IOC production and biodiversity
The loss of forest and the potential loss of native biodiversity resulting from coffee cultivation and processing is substantial. Certified shade-grown coffee is a preferable alternative to sun coffee in terms of the preservation of tropical rain forest biodiversity, though recent studies have revealed important limitations of shade coffee, particularly “commercial polyculture” which is the only type of shade coffee cultivation widely practiced in Costa Rica. These limitations include the loss of tropical species that depend on primary forests because many of the important habitat features typical of mature forests, such as lianas, bromeliads and large trees, are under-represented or absent in all but the most rustic coffee plantations.
At Montes de Oro Cooperative, Miramar, Costa Rica, a new system has been developed for coffee cultivation that maintains native forest without sacrificing yields. This system is termed “Integrated Open Canopy™ (IOC)” in which coffee is planted in 1-3 ha patches with varying amounts of shade, depending on local conditions, but typically too little to qualify for shade coffee certification. Coffee patches are surrounded by an equivalent amount of forest. A typical parcel within the cooperative would be 4-6 ha in size, which would result in units of production consisting of 2-3 ha coffee and 2-3 ha of forest. The important feature of this system, from a standpoint of biodiversity, is that it maintains forest habitat for species that do not use shade coffee plantations.
These forest-dependent species that benefit from IOC production include Neotropical migrants such as the Golden-winged Warbler, which is identified by Partners in Flight as perhaps the most threatened Neotropical migrant species not already protected under the U.S. Endangered Species Act (ESA), and the Wood Thrush.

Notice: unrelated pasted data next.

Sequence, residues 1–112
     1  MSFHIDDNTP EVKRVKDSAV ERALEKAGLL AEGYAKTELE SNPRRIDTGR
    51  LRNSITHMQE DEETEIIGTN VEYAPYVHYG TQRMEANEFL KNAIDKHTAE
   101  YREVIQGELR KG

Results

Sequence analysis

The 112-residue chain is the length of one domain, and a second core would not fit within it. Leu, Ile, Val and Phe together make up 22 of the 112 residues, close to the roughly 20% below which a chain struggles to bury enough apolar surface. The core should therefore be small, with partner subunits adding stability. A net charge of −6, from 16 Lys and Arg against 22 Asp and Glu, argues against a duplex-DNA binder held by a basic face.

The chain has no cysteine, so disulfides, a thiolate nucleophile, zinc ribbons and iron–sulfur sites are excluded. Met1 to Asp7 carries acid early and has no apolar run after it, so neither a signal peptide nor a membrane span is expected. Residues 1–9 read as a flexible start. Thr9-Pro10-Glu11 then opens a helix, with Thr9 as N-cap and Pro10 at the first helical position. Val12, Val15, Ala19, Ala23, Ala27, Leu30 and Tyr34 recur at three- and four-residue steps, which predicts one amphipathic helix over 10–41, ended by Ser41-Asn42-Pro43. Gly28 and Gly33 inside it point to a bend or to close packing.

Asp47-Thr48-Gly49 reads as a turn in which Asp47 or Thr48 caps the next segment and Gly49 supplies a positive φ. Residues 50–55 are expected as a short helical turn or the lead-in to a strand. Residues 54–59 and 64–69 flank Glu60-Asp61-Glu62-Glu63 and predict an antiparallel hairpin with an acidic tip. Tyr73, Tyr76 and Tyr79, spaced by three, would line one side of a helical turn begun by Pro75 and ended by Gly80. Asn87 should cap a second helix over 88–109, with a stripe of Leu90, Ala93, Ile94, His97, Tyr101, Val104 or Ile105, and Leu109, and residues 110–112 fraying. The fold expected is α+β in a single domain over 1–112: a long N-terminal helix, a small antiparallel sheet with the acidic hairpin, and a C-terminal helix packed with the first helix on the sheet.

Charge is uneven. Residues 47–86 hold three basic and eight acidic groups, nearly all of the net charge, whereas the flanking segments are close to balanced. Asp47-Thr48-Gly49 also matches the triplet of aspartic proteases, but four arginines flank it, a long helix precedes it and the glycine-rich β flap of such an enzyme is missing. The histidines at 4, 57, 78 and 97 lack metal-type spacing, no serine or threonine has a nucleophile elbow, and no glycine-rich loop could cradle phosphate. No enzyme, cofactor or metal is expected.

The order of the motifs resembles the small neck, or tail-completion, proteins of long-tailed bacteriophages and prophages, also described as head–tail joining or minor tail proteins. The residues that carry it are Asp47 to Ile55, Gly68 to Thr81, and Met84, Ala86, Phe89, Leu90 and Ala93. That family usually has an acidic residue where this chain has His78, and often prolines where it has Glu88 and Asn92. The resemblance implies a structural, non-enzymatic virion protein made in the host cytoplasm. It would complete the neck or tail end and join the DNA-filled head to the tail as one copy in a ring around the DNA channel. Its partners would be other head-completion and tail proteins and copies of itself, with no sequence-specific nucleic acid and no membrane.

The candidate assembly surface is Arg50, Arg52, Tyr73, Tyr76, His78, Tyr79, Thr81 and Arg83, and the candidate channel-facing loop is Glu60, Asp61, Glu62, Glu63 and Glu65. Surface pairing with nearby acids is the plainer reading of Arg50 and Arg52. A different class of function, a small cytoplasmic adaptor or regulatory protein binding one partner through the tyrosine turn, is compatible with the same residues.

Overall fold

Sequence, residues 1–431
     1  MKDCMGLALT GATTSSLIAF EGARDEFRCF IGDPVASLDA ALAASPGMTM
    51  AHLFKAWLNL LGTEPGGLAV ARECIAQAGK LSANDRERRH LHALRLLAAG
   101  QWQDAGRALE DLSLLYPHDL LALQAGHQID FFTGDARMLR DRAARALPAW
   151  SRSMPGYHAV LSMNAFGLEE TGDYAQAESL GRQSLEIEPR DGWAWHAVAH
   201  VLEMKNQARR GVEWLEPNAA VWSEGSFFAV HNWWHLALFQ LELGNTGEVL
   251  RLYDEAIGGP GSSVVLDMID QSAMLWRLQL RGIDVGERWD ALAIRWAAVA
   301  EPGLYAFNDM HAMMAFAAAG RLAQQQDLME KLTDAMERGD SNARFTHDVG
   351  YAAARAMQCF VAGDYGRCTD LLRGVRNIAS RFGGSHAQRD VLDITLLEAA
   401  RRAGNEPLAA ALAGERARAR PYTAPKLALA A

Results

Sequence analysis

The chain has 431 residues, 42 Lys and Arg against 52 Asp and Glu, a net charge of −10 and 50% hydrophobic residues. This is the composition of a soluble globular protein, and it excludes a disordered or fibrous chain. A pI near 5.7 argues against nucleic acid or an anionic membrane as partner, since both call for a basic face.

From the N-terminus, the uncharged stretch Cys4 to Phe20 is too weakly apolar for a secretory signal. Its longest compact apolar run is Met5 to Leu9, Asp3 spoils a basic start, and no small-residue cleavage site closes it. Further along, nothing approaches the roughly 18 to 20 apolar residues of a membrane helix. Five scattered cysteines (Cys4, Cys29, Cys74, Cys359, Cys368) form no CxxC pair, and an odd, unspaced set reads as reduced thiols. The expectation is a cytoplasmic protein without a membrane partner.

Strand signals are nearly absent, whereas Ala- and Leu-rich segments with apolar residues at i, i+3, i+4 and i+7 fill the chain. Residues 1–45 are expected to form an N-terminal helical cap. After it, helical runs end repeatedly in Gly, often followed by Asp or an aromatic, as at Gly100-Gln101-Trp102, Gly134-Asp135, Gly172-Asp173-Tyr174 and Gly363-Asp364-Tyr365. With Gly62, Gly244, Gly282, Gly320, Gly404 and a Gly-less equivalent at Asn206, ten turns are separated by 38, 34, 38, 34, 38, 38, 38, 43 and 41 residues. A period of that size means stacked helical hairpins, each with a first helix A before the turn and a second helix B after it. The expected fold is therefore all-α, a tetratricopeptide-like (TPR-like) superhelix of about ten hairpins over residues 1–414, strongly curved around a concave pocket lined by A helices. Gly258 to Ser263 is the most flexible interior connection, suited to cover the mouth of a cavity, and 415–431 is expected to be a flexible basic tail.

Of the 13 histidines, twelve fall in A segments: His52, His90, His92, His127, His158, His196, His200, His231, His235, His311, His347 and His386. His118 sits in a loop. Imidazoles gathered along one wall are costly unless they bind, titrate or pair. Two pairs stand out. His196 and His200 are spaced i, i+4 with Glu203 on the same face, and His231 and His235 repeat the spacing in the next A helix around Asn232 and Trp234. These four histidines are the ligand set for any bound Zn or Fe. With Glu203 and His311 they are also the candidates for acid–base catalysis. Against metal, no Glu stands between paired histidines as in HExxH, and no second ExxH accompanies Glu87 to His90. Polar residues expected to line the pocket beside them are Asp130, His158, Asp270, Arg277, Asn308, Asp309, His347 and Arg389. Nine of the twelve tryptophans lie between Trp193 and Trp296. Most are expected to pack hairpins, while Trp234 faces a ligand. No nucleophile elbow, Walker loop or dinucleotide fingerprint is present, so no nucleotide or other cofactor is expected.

IOC™ coffee production also offers important economic benefits to farmers, including greater yields since more open codnitions result in lower levels of disease, and most significantly, the opportunity to trade carbon sequestered on their property. Potential revenues from sales of carbon offsetts are estimated at between 15% to 20% of the revenues generated through coffee sales.
Coffee is one of the most significant agricultural systems in Latin America, where 700,000 coffee farmers manipulate nearly 40% of agricultural lands to generate $10 billion annually. In a partnership with the US Forest Service Northern Research Station, the Mesoamerican Development Institute, Cooperative Montes de Oro (Costa Rica), Cooperative COMISUYL (Honduras), the Department of Natural Resources Conservation at the University of Massachusetts, we have studied and surveyed IOC production for seven seasons.
IOC production benefits the environment and the farmer (land owner)
Advantages for the environment:
- Increase in forest cover providing habitat for many forest-dependent species, including some migratory birds, that are not found in shade coffee
- Development and preservation of forest habitat for carbon sequestration
- Increase in biodiversity and habitat complexity provided by forest buffers that are a component of IOC production
- Greatly enhances all hydrologic conditions for the environment
Advantages/incentives for the coffee farmer:
- Significant increase in yields (typically 3x) for small farmers
- Reduction in labor by concentrating the area of production
- Additional revenues from carbon trading (equivalent to 15% to 25% premium in coffee revenues)
- Reduced spread of infections due to forest buffers
- Increased coffee pollination
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- Increasing sustainability in the coffee industry using innovative clean energy technology and forest-friendly farming methods.
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- Supporting women in important management positions in Central America.